The Strategist

What risks threaten the world economy?


05/19/2016 - 16:21



Russ Certo of Brean Capital together with Bloomberg experts prepared a comprehensive analysis of the current market risks.



Their key takeaways reflect not only increasingly significant decline in the global capital market. They explain why investors are increasingly choosing to move away from risk, leaving central banks deal with each other.

Investors withdraw from the capital market due to extremely adverse prospects. Generally, the market becomes more confusing due to global assessment of uncertainties associated with monetary policy and political decisions taken in the financial crisis of 2007-2009. All this spirals into reduced trading volumes.

"Firstly, this is China, then Japan, then - the ECB. When the going gets though, speculators prefer to leave the game." - says Russ Certo, managing director at Brean Capital.

Major banks around the world are reducing volume of trade transactions in an effort to cut costs amid growing regulatory requirements.

"Investors are stewards of other people's money and are not willing to invest in pyramid schemes," - said the expert.

Speculators in China receded as quickly as they had moved in the volume of trades on the three major exchanges of the country, the volume of which is now almost half less compared to April 22nd.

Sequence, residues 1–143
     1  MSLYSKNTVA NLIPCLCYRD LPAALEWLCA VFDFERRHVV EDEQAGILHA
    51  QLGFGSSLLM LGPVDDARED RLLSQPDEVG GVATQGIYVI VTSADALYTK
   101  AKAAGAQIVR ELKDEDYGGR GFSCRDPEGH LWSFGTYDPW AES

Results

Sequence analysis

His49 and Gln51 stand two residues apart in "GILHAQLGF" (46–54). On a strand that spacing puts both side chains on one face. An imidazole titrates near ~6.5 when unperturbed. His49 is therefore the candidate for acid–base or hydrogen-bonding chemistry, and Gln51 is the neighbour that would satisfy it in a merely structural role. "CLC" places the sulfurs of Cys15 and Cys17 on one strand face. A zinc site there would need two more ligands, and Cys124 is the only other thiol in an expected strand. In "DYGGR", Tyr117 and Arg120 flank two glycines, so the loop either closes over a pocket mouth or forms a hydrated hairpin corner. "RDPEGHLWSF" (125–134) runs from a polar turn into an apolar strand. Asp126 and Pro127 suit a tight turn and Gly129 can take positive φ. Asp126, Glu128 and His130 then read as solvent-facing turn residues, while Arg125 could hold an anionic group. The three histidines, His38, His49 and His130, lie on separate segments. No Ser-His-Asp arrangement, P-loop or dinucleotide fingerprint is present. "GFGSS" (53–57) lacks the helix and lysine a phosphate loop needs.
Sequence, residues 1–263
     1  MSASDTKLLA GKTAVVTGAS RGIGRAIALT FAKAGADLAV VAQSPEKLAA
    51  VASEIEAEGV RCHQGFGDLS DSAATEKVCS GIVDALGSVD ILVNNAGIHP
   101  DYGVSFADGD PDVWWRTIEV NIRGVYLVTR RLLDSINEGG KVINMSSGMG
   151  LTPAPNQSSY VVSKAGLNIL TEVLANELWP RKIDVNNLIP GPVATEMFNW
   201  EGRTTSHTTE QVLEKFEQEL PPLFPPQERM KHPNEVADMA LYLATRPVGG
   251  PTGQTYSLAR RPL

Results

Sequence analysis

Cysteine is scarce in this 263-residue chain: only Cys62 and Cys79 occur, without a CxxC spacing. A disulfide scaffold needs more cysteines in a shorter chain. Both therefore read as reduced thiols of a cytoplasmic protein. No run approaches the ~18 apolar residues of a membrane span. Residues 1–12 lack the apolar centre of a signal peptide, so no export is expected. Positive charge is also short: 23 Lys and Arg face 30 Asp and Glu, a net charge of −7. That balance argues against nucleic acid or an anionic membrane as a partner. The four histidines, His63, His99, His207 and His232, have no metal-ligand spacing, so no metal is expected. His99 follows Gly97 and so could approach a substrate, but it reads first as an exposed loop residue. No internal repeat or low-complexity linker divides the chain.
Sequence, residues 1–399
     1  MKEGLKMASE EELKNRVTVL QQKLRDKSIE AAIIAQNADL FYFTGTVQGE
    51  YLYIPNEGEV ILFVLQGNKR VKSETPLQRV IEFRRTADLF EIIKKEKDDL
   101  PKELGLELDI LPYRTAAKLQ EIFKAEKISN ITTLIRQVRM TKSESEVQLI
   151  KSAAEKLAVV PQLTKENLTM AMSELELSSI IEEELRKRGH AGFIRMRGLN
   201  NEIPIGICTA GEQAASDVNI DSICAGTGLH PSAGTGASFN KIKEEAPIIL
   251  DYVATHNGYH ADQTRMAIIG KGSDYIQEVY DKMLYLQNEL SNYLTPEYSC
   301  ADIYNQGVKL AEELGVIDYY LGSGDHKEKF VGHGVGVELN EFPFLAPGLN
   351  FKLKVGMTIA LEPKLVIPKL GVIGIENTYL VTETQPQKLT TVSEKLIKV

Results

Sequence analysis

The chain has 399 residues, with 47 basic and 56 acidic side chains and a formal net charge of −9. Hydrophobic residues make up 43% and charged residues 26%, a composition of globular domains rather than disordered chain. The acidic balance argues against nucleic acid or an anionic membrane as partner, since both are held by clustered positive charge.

Strategic risks

The main risk is that the global financial markets are more vulnerable to political shocks: stock indexes are near historic highs, yet yield of sovereign bonds is close to record lows.

Market participants are losing confidence; especially central banks make unexpected decisions. A good example for this is the case with the Central Bank of Japan, which was unable to increase monetary stimulus on 27 April.

The Fed risk: Fed assured markets that it will increase interest rates in the fragile world economy, or before market prices will start to rise. The first would depend on risky assets, while the second would create a negative shock.

The ECB risk: quantitative easing program is ineffective, as the current account and the excess liquidity are near record highs.

The risk of the Bank of Japan: Bank of Japan is losing control over the strengthening yen. The institution is still unable to promote growth or inflation, and is burdened by Abenomics’ fiscal policy, which remains inefficient.

Permanent risk "Basel III": all regulatory rules are still forcing commercial banks to hold liquid assets of higher quality, aggravating the liquidity deficit.

Political risks

Brexit

Uncertainty overshadows Brexit’s possible impact on the markets, the British pound or the economic policy.

Half of the respondents in Belgium, France, Germany, Hungary, Italy, Poland, Spain and Sweden said that their countries should hold a referendum on the question of staying in the EU, according to the poll, conducted by Ipsos Mori, published on 9 May.

The survey shows that 40% of Britons would vote to remain in the EU, 41% - for having to leave the EU. A poll conducted last week showed that the correlation changed to 44% against 45%, respectively.